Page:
Influence of patient age and stenosis location on wingspan in-stent restenosis

A. S. Turk, E. I. Levy, F. C. Albuquerque, G. L. Pride, H. Woo, B. G. Welch, D. B. Niemann, P. D. Purdy, B. Aagaard-Kienitz, P. A. Rasmussen, L. N. Hopkins, T. J. Masaryk, C. G. McDougall, David J. Fiorella

Research output: Contribution to journalArticle

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Abstract

BACKGROUND AND PURPOSE: Wingspan is a self-expanding, microcatheter- delivered microstent specifically designed for the treatment of symptomatic intracranial atherosclerotic disease. Our aim was to discuss the effect of patient age and lesion location on in-stent restenosis (ISR) rates after percutaneous transluminal angioplasty and stenting (PTAS) with the Wingspan system. MATERIALS AND METHODS: Clinical and angiographic follow-up results were recorded for all patients from 5 participating institutions. ISR was defined as >50% stenosis within or immediately adjacent (within 5 mm) to the implanted stent and >20% absolute luminal loss. For the present analysis, patients were stratified into younger (≤55 years) and older (>55 years) age groups. RESULTS: ISR occurred at a rate of 45.2% (14/31) in the younger group and 24.2% (15/62) in the older group (odds ratio, 2.6; 95% confidence interval, 1.03-6.5). In the younger group, ISR occurred after treatment of 13/26 (50%) anterior circulation lesions versus only 1/5 (20%) posterior circulation lesions. In the older group, ISR occurred in 9/29 (31.0%) anterior circulation lesions and 6/33 (18.2%) posterior circulation lesions. In young patients, internal carotid artery lesions (10/17 treated, 58.8%), especially those involving the supraclinoid segment (8/9, 88.9%), were very prone to ISR. When patients of all ages were considered, supraclinoid segment lesions had much higher rates of both ISR (66.6% versus 24.4%) and symptomatic ISR (40% versus 3.9%) in comparison with all other locations. CONCLUSION: Post-Wingspan ISR is more common in younger patients. This increased risk can be accounted for by a high prevalence of anterior circulation lesions in this population, specifically those affecting the supraclinoid segment, which are much more prone to ISR and symptomatic ISR than all other lesions.

Original languageEnglish (US)
Pages (from-to)23-27
Number of pages5
JournalAmerican Journal of Neuroradiology
Volume29
Issue number1
DOIs
StatePublished - Jan 2008

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Stents
Pathologic Constriction
Internal Carotid Artery
Angioplasty
Age Groups
Odds Ratio
Confidence Intervals

ASJC Scopus subject areas

  • Clinical Neurology
  • Radiology Nuclear Medicine and imaging
  • Radiological and Ultrasound Technology

Cite this

Influence of patient age and stenosis location on wingspan in-stent restenosis. / Turk, A. S.; Levy, E. I.; Albuquerque, F. C.; Pride, G. L.; Woo, H.; Welch, B. G.; Niemann, D. B.; Purdy, P. D.; Aagaard-Kienitz, B.; Rasmussen, P. A.; Hopkins, L. N.; Masaryk, T. J.; McDougall, C. G.; Fiorella, David J.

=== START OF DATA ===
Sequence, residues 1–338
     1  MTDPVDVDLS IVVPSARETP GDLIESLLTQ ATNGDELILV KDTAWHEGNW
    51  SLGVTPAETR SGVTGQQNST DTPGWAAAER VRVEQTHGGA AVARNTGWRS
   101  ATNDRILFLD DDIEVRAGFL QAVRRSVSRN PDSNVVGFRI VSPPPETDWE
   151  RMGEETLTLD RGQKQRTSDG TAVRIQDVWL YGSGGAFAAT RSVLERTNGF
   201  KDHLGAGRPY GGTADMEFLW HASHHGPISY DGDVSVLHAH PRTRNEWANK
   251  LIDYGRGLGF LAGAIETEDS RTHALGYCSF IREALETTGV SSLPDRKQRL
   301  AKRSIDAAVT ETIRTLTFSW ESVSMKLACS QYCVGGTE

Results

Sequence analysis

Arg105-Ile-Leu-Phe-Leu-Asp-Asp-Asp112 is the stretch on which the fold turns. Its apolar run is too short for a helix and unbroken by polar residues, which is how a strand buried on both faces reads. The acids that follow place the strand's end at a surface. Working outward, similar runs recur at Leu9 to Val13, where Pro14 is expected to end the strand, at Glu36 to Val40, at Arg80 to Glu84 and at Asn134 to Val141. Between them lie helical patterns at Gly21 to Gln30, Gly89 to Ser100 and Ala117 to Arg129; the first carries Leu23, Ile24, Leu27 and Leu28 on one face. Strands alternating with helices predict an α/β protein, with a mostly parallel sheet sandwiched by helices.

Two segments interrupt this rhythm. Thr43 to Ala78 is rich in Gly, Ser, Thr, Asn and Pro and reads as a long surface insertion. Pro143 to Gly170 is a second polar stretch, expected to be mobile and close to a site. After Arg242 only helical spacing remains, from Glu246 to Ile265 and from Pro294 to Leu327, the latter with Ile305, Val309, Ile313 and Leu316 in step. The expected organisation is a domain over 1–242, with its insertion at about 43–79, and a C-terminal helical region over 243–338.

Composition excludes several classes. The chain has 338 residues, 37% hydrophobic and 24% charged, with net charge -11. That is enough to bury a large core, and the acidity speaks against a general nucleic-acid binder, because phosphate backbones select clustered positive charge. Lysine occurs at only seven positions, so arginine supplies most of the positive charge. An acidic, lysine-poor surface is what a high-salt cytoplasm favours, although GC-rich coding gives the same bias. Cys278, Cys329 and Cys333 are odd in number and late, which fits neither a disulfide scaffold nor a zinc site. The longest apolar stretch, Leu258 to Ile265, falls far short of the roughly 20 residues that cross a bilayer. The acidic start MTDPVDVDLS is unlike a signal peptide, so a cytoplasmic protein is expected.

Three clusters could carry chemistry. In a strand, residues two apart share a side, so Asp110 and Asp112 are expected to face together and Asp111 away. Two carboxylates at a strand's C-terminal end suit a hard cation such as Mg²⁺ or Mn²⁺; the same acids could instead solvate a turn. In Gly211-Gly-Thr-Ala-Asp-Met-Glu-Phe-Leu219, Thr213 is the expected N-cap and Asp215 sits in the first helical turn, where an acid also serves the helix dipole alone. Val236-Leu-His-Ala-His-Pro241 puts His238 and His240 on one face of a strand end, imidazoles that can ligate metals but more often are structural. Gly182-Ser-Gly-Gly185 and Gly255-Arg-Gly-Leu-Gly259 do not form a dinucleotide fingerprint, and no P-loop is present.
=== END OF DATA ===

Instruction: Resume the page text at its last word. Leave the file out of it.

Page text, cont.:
In: American Journal of Neuroradiology, Vol. 29, No. 1, 01.2008, p. 23-27.

Research output: Contribution to journalArticle

Turk, AS, Levy, EI, Albuquerque, FC, Pride, GL, Woo, H, Welch, BG, Niemann, DB, Purdy, PD, Aagaard-Kienitz, B, Rasmussen, PA, Hopkins, LN, Masaryk, TJ, McDougall, CG & Fiorella, DJ 2008, 'Influence of patient age and stenosis location on wingspan in-stent restenosis', American Journal of Neuroradiology, vol. 29, no. 1, pp. 23-27. https://doi.org/10.3174/ajnr.A0869
Turk, A. S. ; Levy, E. I. ; Albuquerque, F. C. ; Pride, G. L. ; Woo, H. ; Welch, B. G. ; Niemann, D. B. ; Purdy, P. D. ; Aagaard-Kienitz, B. ; Rasmussen, P. A. ; Hopkins, L. N. ; Masaryk, T. J. ; McDougall, C. G. ; Fiorella, David J. / Influence of patient age and stenosis location on wingspan in-stent restenosis. In: American Journal of Neuroradiology. 2008 ; Vol. 29, No. 1. pp. 23-27.
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abstract = "BACKGROUND AND PURPOSE: Wingspan is a self-expanding, microcatheter- delivered microstent specifically designed for the treatment of symptomatic intracranial atherosclerotic disease. Our aim was to discuss the effect of patient age and lesion location on in-stent restenosis (ISR) rates after percutaneous transluminal angioplasty and stenting (PTAS) with the Wingspan system. MATERIALS AND METHODS: Clinical and angiographic follow-up results were recorded for all patients from 5 participating institutions. ISR was defined as >50{\%} stenosis within or immediately adjacent (within 5 mm) to the implanted stent and >20{\%} absolute luminal loss. For the present analysis, patients were stratified into younger (≤55 years) and older (>55 years) age groups. RESULTS: ISR occurred at a rate of 45.2{\%} (14/31) in the younger group and 24.2{\%} (15/62) in the older group (odds ratio, 2.6; 95{\%} confidence interval, 1.03-6.5). In the younger group, ISR occurred after treatment of 13/26 (50{\%}) anterior circulation lesions versus only 1/5 (20{\%}) posterior circulation lesions. In the older group, ISR occurred in 9/29 (31.0{\%}) anterior circulation lesions and 6/33 (18.2{\%}) posterior circulation lesions. In young patients, internal carotid artery lesions (10/17 treated, 58.8{\%}), especially those involving the supraclinoid segment (8/9, 88.9{\%}), were very prone to ISR. When patients of all ages were considered, supraclinoid segment lesions had much higher rates of both ISR (66.6{\%} versus 24.4{\%}) and symptomatic ISR (40{\%} versus 3.9{\%}) in comparison with all other locations. CONCLUSION: Post-Wingspan ISR is more common in younger patients. This increased risk can be accounted for by a high prevalence of anterior circulation lesions in this population, specifically those affecting the supraclinoid segment, which are much more prone to ISR and symptomatic ISR than all other lesions.",